3. Since Hurricane Isabel struck this area in 2003, Virginia has produced some outstanding vintages due to optimal weather conditions.  If you had to rate some of the past vintages, since 2003, which ones would be at the top of your list?

2005 (B+ but not long-lasting; drink up for most); 2007 was ripe and juicy but low acid, drinking hedonistically well now. Reds with tannic grapes will last up to a decade. 2008; very mixed bag (viogniers pretty much wiped out), some reds are world-class. Meritage blends promising, also norton. 2009: good for high-acid whites, very spotty for reds esp. merlot and cab franc, but this varies widely, and surprisingly cabernet sauvignon the best of the reds. 2010: Very good all around; ripe but balanced whites, and forward, very fruity reds. Tannins and acids a bit low like ’07; a vintage you can glug and enjoy now across the board, but look carefully for tannic based wines for what to lay down. I should say people shouldn’t write off 2011; early-ripening varieties like chardonnay, pinot grigio, riesling, gewurztraminer and pinot noir (!) have been excellent since they came in before the long September rains.

4. Isabel’s younger sister, Irene, paid us all a visit last year just in time for harvest. How have you assessed the 2011 vintage?

It seems to us that the eastern most regions of the state were hit hard by heavy rain and then came the botrytis and sour rot, but the western regions of the state were a bit more fortunate. See above. It was highly variable by location and by ripening cycle of the variety. People should buy carefully but taste widely. Consensus is that due to the heat spike in July/August it will be better (for early-ripening varieties and then sheltered regions) than 2003 and could have good value for smart shoppers.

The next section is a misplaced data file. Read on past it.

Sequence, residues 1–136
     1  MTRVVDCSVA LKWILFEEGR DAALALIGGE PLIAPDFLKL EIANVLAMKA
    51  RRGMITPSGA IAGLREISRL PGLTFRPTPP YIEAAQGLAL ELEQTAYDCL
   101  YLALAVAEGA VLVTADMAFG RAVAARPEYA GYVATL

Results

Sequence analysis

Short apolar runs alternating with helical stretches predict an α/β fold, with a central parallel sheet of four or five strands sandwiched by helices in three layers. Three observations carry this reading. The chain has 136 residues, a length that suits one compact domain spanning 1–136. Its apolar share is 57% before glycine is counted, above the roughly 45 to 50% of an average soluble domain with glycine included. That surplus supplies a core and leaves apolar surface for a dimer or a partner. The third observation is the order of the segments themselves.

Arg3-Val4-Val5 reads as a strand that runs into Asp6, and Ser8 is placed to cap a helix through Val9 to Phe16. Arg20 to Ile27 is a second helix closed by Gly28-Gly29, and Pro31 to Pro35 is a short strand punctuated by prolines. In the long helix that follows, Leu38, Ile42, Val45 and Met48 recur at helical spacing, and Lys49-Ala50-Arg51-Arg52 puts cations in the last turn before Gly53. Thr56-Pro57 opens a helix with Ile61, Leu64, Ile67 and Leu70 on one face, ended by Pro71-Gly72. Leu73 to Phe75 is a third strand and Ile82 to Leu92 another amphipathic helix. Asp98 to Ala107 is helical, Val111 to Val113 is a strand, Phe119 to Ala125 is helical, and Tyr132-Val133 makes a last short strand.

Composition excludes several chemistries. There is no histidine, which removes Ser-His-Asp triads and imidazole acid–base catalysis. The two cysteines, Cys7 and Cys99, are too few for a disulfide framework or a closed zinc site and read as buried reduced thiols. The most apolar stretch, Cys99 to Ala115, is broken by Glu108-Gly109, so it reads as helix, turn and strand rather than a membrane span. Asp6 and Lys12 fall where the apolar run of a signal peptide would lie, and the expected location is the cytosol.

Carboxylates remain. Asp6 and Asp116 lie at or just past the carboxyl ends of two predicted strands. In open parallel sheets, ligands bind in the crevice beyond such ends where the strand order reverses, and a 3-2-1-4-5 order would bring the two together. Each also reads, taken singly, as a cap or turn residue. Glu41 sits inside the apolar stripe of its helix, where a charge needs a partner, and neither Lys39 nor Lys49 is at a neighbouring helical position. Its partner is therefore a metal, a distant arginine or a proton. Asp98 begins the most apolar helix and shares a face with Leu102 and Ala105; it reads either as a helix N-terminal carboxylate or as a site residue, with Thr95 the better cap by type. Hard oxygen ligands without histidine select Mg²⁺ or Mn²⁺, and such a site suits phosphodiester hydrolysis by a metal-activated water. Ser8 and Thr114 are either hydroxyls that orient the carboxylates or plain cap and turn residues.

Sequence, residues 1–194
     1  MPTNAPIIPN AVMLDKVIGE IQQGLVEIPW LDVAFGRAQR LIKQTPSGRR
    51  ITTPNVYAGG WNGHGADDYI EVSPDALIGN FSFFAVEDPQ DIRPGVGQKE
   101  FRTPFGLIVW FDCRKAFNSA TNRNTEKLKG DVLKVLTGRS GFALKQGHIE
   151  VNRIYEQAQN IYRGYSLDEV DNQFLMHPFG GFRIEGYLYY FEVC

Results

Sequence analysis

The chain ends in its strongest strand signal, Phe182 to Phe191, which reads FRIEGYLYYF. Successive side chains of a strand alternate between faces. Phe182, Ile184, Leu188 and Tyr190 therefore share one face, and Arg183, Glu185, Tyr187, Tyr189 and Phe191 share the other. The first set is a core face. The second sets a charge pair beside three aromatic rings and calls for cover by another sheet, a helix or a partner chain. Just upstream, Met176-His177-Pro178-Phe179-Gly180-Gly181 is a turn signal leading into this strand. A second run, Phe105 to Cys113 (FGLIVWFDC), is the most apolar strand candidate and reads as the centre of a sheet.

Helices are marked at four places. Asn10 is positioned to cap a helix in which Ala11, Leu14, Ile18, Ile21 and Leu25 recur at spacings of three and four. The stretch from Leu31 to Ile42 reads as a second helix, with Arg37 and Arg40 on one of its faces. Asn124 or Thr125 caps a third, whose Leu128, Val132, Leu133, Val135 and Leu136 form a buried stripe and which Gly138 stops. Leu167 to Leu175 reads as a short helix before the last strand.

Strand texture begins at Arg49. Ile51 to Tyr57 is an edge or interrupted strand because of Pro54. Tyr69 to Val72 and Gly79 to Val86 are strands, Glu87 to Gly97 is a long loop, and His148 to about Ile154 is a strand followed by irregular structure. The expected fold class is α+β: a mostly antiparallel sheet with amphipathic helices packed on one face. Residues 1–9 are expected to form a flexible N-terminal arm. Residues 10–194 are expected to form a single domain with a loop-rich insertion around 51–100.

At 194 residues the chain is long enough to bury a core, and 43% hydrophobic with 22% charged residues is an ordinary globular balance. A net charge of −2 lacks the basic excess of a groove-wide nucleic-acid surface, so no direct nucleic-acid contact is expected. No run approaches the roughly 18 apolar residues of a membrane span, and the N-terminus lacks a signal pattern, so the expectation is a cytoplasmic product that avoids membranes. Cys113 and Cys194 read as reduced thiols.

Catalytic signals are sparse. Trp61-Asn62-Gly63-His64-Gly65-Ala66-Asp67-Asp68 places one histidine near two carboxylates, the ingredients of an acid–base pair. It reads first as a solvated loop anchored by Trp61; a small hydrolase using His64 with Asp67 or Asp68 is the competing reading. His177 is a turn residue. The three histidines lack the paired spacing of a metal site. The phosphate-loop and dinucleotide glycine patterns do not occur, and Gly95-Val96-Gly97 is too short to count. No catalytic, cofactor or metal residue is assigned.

5. We know that you have a book coming out about Virginia wine.  Can you give us some details about the book?  When will it be released?

The title is Beyond Jefferson’s Vines, because it goes back in time to 17th century Jamestown, and up to the present. Jefferson is often portrayed as a protean figure, bringing European vines, and culture, to the frontier, but in fact he was on a continuum. I reveal some chapters of previously unknown 18th century Virginia wine history, but most of the book is both a travelogue through the Commonwealth visiting individual wineries, and a focus on the various issues of the “evolution of quality wine in Virginia” (the book’s subtitle). These chapters range from “The blessings and challenges of nature” (a more in-depth discussion of soil and climate issues), to the changing perception of Virginia wine by the American wine media (now including bloggers), “Richmond roots for the home team” about the importance of the support of state government and our current administration in particular; and “what the British think of Virginia wine and why it matters.” I also have a profile of two very different Virginia wineries, both new in 2011, and how they illustrate the versatility of Virginia wine today, and what the Virginia wine industry means to whom. The book will be available for purchase in May of this year, and your readers can find details of when I’ll be doing scheduled book signings at Virginia wineries and bookstores by early February by visiting BeyondJeffersonsvines.com.